The Northern Executive, if it ever gets up and running again, has huge latitude to build much stronger and more integrated relations with the Republic of Ireland regardless of the outcome of a border poll, to transform the relationship and connections between the two parts of Ireland within the Agreement without taking that step of reunification. In this, it maintains the spirit of the original Government of Ireland Act of 1920 that envisaged partition as a temporary expedient to prevent civil war and provided for a Council of Ireland to draw the two jurisdictions closer together again. But what does this matter if the main unionist parties still seek to minimise links? The difference is that unionists now form a minority in the Northern Ireland Assembly at Stormont as well as a minority of voters for the first time since Northern Ireland was established in 1921. The non-unionist parties who now form a majority in the Assembly, including both nationalists and centre-ground parties such as Alliance and the Greens, have built an increasingly robust alliance on a range of issues in recent years, most prominently on same-sex marriage and (in a slightly less united way) abortion reform. They are particularly strongly of one voice in supporting strong and close relations with the EU. In addition then to the electoral majority for ‘Remaining’ in the EU there is a majority in the Assembly for pro-EU positions on a range of issues including, most importantly, the quest for a kind of special status for Northern Ireland. With a majority now in both the Northern Ireland Assembly and in the wider population supporting a reordering of relationships between Britain, Ireland and Northern Ireland in the light of Brexit, that large grey area between the status quo and reunification has become a much more charged and important political space.
While a majority in the North don’t support reunification, a majority of both the electorate and the parliament support changes to the North’s relations with Great Britain and the Republic of Ireland that would allow it to remain strongly linked to the Republic, even at the cost of some divergence from Great Britain. The Assembly and Executive have not functioned since the collapse of the Executive in January 2017 but if they were in operation now the DUP, probably backed on most of these issues by the UUP, would be suffering one defeat after another on issues surrounding relations with the EU and the Republic of Ireland, forced to resort routinely to exercising a minority veto using the petition of concern. We are entering an era in which stronger cross-border relations and the realisation of the potential of the Agreement for closer relations and common policies between Ireland North and South, will be associated with majority opinion in the Northern electorate and the Northern Assembly. The struggle to win a take-it-or-leave-it border poll is not the most important challenge to unionism in the coming years. Much more immediately challenging is the prospect of finding themselves over and over again resorting to the minority veto to block majority preferences on relations with the Republic of Ireland and the EU.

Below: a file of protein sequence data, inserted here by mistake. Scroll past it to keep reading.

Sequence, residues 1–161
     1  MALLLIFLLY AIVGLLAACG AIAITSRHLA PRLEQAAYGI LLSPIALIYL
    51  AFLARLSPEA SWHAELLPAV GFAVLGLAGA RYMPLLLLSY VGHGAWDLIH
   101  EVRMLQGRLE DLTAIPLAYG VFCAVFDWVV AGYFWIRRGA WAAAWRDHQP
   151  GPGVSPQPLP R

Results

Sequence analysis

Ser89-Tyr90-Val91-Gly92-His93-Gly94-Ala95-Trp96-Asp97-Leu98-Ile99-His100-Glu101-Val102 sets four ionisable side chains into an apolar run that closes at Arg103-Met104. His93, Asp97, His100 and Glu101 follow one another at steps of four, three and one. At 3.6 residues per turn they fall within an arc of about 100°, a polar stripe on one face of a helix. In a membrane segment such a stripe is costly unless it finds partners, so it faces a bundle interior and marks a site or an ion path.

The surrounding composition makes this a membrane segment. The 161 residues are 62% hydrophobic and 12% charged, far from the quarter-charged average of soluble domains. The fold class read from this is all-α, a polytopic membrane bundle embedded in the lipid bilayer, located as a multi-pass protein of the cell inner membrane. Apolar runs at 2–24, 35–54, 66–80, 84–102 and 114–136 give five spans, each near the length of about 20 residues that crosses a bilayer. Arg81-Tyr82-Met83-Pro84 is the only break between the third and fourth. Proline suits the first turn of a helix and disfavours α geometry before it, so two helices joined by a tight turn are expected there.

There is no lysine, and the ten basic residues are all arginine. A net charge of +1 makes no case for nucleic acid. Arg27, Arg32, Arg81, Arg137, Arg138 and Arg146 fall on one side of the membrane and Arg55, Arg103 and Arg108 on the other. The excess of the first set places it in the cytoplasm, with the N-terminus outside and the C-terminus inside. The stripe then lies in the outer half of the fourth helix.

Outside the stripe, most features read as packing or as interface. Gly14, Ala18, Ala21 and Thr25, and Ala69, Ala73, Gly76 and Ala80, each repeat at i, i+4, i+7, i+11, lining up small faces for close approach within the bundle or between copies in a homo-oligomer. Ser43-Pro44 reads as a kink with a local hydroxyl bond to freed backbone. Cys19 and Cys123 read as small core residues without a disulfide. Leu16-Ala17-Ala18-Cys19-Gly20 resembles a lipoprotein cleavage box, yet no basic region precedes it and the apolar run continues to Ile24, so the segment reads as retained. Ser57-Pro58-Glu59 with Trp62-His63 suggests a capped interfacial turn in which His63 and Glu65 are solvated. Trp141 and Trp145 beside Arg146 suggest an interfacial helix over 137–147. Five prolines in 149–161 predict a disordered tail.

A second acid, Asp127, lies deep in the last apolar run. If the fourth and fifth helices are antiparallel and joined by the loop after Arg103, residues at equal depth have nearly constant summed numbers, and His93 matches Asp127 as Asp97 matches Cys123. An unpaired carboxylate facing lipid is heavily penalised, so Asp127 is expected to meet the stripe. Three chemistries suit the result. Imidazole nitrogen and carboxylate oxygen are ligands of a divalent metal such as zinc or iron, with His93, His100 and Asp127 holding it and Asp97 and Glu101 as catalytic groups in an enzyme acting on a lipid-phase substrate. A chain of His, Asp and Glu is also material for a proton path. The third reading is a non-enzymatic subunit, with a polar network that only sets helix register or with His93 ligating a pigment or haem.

This is an especially tricky prospect for the unionist parties because majoritarianism has been central to Unionist ideology, identity and normative arguments since Northern Ireland was established nearly a hundred years ago. To be in the position of repeatedly blocking majority preferences in the assembly will be uncomfortable. The Unionist parties have taken comfort from recent polls on a united Ireland, especially those that indicate that fewer than a third of voters would opt for unity (although some polls show that almost half would, in certain circumstances). But a much more immediate and serious challenge to the unionist political position is evident in the answers to other questions in these polls. The 2017 Northern Ireland Life and Times survey showed robust majority support for staying in the UK, but also found a very strong majority saying they were ‘in favour of Northern Ireland entering a political and economic alliance with the Republic of Ireland if it would help jobs and the economy. Only 16% disagreed. If unionist parties rigidly oppose movement towards closer relations with the Republic of Ireland reunification will provide the only escape route from a permanent unionist minority veto on the strengthening of cross-border relations that are now simultaneously relations with the European Union as a whole.